A growing body of evidence indicates that genetic factors are involved in an increased risk of infection. We investigated whether mannose-binding lectin (MBL) gene polymorphisms that cause low levels of MBL are associated with the occurrence of major infections in patients, mainly bearing hematological malignancies, after high-dose chemotherapy (HDT) rescued by autologous peripheral blood stem cell transplantation (auto-PBSCT). A retrospective evaluation of 113 patients treated with HDT and auto-PBSCT revealed that the low-producing genotypes, B/B and B/LXA, were associated with major bacterial infection (P = 0.0016, OR 7.9). We next performed a nation-wide large-scale study to assess the allele frequency of the MBL coding mutation in a total of 2623 healthy individuals in Japan. The frequency of allele B was estimated to be ∼ 0.2, almost the same in seven different areas of Japan. This common occurrence suggests that MBL deficiency may play an important role in the clinical settings of immunosuppression.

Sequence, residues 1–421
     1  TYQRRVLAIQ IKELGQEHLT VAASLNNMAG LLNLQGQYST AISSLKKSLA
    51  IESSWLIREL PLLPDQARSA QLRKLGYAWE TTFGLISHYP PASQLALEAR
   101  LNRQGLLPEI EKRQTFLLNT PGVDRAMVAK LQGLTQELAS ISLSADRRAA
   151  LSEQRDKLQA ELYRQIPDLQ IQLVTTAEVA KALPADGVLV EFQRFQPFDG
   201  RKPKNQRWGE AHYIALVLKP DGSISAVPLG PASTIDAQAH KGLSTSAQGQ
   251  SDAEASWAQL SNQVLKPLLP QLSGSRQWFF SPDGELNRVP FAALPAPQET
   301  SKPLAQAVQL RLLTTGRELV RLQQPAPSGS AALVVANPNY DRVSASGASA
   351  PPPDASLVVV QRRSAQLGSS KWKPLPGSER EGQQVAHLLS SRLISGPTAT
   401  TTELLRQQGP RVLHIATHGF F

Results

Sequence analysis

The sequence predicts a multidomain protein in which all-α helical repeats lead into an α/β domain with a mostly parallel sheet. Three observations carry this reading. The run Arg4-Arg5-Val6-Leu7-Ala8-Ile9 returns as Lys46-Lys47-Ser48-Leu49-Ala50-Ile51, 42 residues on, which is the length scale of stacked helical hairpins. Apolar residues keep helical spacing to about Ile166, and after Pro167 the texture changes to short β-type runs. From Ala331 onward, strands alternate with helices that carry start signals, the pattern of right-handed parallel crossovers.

All Science Journal Classification (ASJC) codes